The months passed and before we knew it, Chris was preparing to return home. A few days before his departure from Afghanistan, we received the welcome news that the Navy had granted me an active duty billet that would allow Chris to transition to my command when he came back. After a couple of weeks of leave and spending time with his family, Chris arrived for his first day of work and stopped in to see me. He resembled the Marine Corps Special Forces he had recently been serving with even more than he had before he left! He was ecstatic to be there and motivated to get to work. I was incredibly pleased to have him onboard. Chris was assigned to a deploying billet, so after a short respite and getting up to speed on the operations he would be supporting, Chris deployed aboard the aircraft carrier USS CARL VINSON. As expected, he excelled there too. After his stint in Afghanistan and this deployment, Chris was considered an experienced Information Warfare Officer (IWO). About that time, an emergent “hot fill” requirement for a Cryptologic Division Officer on the USS BLUE RIDGE, the Seventh Fleet flagship, popped up. The requirement was for an experienced IWO to serve on the Admiral’s staff. Right away, I thought of Chris. I hated to send him right back out again, but I knew that he would do an outstanding job and learn key items that would serve him well as his career progressed. So, once again, Chris flew to Yokosuka, Japan to meet the ship.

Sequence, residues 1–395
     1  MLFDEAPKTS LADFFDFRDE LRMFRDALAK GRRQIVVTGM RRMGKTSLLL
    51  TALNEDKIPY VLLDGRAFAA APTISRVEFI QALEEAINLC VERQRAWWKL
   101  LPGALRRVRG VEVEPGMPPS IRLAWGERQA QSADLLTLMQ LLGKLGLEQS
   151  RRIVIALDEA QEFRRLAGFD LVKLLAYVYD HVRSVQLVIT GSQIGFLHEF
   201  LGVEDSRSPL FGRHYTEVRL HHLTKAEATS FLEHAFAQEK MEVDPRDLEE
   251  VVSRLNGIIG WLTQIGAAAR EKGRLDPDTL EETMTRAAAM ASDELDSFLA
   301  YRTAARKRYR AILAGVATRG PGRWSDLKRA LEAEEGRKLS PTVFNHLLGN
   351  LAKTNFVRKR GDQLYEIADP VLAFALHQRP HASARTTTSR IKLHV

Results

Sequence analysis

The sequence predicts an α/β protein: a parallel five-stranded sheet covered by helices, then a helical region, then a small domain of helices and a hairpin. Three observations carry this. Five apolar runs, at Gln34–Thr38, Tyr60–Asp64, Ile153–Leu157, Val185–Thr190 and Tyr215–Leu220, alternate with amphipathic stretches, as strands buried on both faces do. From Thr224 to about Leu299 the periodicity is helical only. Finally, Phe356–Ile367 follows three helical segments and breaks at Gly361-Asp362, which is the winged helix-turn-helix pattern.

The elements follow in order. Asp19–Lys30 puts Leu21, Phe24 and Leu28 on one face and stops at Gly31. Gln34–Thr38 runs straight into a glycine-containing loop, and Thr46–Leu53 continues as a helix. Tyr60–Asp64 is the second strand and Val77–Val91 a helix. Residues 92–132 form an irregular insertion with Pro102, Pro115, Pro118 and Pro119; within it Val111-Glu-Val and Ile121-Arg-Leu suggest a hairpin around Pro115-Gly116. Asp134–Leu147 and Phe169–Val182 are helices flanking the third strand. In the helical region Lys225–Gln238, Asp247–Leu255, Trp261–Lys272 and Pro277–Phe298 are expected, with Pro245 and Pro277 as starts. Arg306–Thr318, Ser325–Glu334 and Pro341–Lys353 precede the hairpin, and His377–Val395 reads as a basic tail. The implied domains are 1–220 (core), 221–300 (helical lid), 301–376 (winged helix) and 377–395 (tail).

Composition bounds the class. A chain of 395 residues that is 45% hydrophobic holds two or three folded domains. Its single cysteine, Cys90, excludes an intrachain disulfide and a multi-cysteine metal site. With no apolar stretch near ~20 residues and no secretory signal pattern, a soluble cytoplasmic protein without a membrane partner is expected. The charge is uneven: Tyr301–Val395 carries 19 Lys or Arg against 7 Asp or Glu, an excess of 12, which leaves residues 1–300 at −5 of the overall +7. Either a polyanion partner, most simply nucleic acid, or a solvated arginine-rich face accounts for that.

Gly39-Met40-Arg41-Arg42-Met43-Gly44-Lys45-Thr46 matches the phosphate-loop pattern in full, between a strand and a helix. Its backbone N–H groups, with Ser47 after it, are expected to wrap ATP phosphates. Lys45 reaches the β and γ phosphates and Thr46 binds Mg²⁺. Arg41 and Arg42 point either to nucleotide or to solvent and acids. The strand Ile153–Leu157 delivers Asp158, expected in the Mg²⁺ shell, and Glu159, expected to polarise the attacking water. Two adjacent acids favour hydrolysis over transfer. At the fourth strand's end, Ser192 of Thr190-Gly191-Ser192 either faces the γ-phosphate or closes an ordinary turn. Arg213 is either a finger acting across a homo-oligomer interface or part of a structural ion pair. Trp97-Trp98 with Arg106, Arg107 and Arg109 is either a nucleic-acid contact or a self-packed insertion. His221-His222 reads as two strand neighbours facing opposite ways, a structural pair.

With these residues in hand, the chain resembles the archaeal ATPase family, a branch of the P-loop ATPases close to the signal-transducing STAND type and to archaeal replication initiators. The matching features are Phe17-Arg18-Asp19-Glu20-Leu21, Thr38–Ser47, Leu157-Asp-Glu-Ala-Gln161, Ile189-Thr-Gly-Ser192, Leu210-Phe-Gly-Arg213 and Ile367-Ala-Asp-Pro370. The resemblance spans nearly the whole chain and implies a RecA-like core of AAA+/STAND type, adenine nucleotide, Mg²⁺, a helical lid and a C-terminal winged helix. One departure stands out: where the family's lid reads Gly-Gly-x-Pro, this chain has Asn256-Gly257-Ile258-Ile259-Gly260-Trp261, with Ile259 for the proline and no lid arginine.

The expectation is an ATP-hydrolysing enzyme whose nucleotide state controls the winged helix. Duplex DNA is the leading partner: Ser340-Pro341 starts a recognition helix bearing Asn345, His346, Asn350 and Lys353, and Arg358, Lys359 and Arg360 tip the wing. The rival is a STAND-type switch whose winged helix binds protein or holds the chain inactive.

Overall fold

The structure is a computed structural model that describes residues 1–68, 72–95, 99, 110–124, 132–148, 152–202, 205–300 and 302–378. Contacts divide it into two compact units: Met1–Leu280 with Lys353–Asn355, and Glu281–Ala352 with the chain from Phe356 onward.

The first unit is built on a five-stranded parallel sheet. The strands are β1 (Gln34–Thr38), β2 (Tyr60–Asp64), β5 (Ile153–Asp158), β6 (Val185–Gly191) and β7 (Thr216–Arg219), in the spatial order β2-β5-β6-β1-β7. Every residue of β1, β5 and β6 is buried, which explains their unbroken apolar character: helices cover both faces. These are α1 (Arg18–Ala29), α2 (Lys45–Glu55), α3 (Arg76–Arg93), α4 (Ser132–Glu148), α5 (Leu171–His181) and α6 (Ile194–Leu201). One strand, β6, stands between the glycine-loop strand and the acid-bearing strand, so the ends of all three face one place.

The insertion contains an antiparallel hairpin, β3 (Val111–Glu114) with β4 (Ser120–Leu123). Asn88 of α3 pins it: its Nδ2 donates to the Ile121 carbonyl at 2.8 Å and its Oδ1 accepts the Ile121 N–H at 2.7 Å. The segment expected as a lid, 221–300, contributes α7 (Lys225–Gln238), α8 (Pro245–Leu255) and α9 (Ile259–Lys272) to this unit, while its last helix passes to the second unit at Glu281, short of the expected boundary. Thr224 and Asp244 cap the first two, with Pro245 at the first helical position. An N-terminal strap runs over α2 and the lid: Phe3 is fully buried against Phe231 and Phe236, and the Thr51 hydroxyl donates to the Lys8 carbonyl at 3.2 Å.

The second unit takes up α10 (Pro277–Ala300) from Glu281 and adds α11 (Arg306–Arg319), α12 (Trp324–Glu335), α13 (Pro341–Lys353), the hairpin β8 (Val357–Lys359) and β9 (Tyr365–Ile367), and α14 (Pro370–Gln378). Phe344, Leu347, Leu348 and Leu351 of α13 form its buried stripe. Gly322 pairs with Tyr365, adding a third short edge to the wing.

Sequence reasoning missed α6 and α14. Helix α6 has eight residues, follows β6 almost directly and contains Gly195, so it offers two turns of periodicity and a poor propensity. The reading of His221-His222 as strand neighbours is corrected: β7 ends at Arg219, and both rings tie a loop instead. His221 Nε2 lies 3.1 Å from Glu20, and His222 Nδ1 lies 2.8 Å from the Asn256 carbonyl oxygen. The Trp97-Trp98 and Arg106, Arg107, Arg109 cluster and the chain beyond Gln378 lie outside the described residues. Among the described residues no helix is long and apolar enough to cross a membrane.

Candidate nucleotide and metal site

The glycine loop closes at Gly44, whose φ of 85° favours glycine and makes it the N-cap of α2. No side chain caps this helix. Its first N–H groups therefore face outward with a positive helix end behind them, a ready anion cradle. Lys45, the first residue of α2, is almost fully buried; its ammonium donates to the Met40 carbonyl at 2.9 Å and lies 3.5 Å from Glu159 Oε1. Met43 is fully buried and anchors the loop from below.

Chris excelled at sea and on the Admiral’s staff. When his wife, Linda, who was also serving in the Navy Reserves was re-enlisting, I arranged for her to come into the command so Chris could serve as her re-enlisting officer via video tele-conference (VTC). That was the first time I also met his Mom, Joanne, who was a government employee with the Navy. A few years later, I would have the pleasure of serving with Joanne, when I was the Executive Officer at SPAWAR System Center Pacific. Time passed. After what seemed like weeks, but was really months, Chris came home. He had been heavily deployed the last couple of years. I knew he was looking forward to settling into a routine and spending more time at home with his family.